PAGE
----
Since Keli is adapting Smalltalk's syntactical minimalism, there are only 3 kinds of expressions in Keli, namely literal expressions, lambda expressions and function invocation.
Every expression in Keli can be captured using the following EBNF grammar. However, one should note that the FuncCall
node might be translated into other expression that bears different semantics, as explained in Section 4.
Expr= FuncCall LitExpr Lambda '(' Expr ')'â€‹FuncCall= Expr '.' FuncCallTailâ€‹FuncCallTail= FuncId {FuncId '(' Expr ')'}â€‹LitExpr= NumberLit StringLit ConstLit ArrayLitâ€‹ArrayLit= ('[' ']'  '[' Expr {',' Expr} ']')Lambda= Id '' Expr= '.' FuncCallTail
Abbreviations  Meaning 
lit  literal 
expr  expression 
func  function 
id  identifier 
invo  invocation 
const  constant 
unifunc  function that takes one and only one parameter 
polyfunc  function that takes more than one parameter 
Integer literal are one or more sequences of digits, as described in Section 2. For example,
12345
Float literal are one or more sequences of digits followed by a period and one or more sequences of digits. For example,
3.141592653
String literals are any lexemes enquoted by double quotes. For example,
"Hello world"
A constant literal is any valid identifier of Keli (as described in Section 2.5). For example, the following are valid constant literals:
xpoint1wwwwww
Array are transpiled directly as native JavaScript array. Also, array needs to be homogeneous, i.e., all the element of an array must be of the same type.
Array type can be created using the following grammar:
( [
expr { ,
expr } ]
 []
)
For example,
[1,2,3,4,5][] // empty array
Function invocations is the heart of Keli, because almost everything in Keli can be viewed as function invocations. In brief, there are only 2 kinds of function invocations, namely, unifunc invocations and polyfunc invocations.
A function identifier can be any combination of alphabets and also any combinations of operators (except brackets). For example, the following are valid function identifiers:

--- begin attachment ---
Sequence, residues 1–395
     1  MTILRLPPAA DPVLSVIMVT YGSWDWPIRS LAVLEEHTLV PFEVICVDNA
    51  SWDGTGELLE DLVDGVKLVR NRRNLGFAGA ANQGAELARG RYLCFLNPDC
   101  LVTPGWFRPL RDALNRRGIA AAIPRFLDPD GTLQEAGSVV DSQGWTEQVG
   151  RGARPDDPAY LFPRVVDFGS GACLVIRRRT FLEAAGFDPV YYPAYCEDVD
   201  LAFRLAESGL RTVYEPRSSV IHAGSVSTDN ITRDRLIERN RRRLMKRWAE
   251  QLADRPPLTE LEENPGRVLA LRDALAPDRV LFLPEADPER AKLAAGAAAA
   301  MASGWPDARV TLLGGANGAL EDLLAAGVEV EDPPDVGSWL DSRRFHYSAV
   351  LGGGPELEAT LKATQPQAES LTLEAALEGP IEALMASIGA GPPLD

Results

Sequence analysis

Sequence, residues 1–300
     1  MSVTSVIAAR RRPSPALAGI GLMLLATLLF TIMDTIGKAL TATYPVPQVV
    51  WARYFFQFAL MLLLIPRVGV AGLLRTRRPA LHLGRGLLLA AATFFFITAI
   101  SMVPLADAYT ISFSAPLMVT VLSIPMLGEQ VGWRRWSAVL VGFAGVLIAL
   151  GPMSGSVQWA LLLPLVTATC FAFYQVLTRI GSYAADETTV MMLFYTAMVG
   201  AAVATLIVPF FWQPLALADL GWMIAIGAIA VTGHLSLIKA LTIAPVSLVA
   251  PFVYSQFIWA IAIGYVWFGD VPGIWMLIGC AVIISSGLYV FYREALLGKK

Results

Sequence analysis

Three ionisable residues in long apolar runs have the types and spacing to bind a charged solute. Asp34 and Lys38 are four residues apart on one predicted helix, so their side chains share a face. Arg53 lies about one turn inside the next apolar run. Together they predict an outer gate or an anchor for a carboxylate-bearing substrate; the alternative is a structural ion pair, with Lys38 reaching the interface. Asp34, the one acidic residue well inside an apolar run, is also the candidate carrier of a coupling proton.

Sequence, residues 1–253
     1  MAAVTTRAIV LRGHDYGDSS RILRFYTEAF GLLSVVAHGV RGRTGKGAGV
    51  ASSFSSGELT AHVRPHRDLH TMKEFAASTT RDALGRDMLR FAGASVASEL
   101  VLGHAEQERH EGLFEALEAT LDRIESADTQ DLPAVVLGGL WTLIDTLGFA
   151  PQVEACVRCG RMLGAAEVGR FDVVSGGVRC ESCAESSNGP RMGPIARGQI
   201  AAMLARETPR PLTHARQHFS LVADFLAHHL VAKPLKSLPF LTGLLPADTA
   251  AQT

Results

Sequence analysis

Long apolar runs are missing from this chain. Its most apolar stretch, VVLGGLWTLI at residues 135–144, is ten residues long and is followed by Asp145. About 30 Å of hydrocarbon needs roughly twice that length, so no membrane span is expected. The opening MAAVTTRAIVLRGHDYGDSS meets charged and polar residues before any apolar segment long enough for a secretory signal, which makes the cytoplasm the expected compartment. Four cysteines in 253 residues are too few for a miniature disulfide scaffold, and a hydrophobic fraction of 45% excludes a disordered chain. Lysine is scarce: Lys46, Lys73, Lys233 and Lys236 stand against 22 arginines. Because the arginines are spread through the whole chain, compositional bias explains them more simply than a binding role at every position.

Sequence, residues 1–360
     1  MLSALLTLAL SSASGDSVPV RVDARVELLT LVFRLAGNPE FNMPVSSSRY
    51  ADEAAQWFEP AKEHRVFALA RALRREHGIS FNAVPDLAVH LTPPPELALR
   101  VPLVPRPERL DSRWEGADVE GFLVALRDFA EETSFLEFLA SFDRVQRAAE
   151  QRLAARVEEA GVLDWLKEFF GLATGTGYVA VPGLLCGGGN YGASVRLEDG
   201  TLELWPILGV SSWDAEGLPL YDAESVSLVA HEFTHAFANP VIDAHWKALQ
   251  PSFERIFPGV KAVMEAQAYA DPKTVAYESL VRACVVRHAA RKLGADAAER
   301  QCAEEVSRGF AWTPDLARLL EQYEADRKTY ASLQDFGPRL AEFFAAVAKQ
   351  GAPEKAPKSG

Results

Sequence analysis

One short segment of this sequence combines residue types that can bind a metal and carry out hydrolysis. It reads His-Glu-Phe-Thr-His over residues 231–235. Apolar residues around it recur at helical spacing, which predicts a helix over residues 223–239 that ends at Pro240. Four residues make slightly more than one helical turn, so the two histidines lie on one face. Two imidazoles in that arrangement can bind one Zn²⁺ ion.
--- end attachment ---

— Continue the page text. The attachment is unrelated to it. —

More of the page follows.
+>==
Also, because of polyfunc invocations, functions in Keli are actually identified by one or more function identifiers.
The precedence rule is very simple:
Evaluate any expressions in the most nested parenthesis first.
If no parenthesis is found, evaluate from left to right until the dot operator is encountered.
Unifunc invocations are functions invoked with exactly one parameter. The grammar for unifunc invocations are as follows:
expr
.
funcId
Expr '.' FuncId
For example, in the following code, 123
is the parameter and square
is the function identifier. In other words, it means applying 123
to the function square
.
123.square
Due to the precedence rule as described in Section 3.3.2, the following code snippets are equivalent:
123.negate.square
(123.negate).square
Polyfunc invocations are functions invoked with more than one parameter.
The grammar for polyfunc invocations are as follows:
expr
.
{ funcId(
expr)
}
For example, the following code means applying 1
and x
to the function plus
,
1.plus(x)
â€‹
The following code means applying "Hello world"
, "Hello"
and "Bye"
to the function named replace
with
,
"Hello world".replace("Hello") with("Bye")
â€‹
As mentioned in Section 3.3.1, since operators are also valid identifiers, the following code is valid, and shall mean applying myHashMap
, "key"
and 123
to the function add
>
.
myHashMap.add("key")>(123)
Due to such flexibility, one can easily create custom DSL (domainspecific languages) using Keli. In fact, Keli itself also abuses this flexibility for compilerspecific commands, such as defining tagged union, foreign function interface etc.
Because of the the precedence rule, one can chain function invocations as such:
myList.append(5).reverse.put(5) atIndex(0).++(anotherList).select(x  x.isEven)
Lambda are also known as anonymous functions, which are functions that is nameless.
Lambda can be created using the following grammar:
id [ typeAnnotation ]

expr
For example, the following code means x
is the parameter and x.+(5)
is the lambda body.
x  x.+(5)
Lambda with more than one parameters is not supported, since one can easily emulate that using nested lambdas, as such:
x  y  x.+(y)
To apply argument to a lambda expression, use the magic function .apply
as follows:
f = x  x.square= f.apply(6) // Answer is 36
Since most of the time we will only be using a single parameter lambda, we could use lambda shorthand to reduce typings and improve readability. Lambda shorthand can be created using the following grammar:
.
( funcId  { funcId(
expr)
})
For example,
Shorthand  Expansion 






Lambda shorthand are useful especially when we are using higherorder functions like select
.
For example,
[1, 2, 3, 4, 5].select(.*(2)) // [2 4 6 8 10]
Most of the time, the type of the parameter of a lambda can be inferred by the compiler, however, in certain situation the compiler might not be able to deduce the parameter type.
Suppose we have two negate
functions.
(this Int).negate = undefined(this String).negate = undefined
After, if we create a lambda as follows, we will get a compile error:
f = x  x.negate// Unable to deduce the type of `x`, because `x` might be `String` or `Int`
In such situation, we can provide a type annotation for the parameter to overcome this issue:
f = x Int  x.negate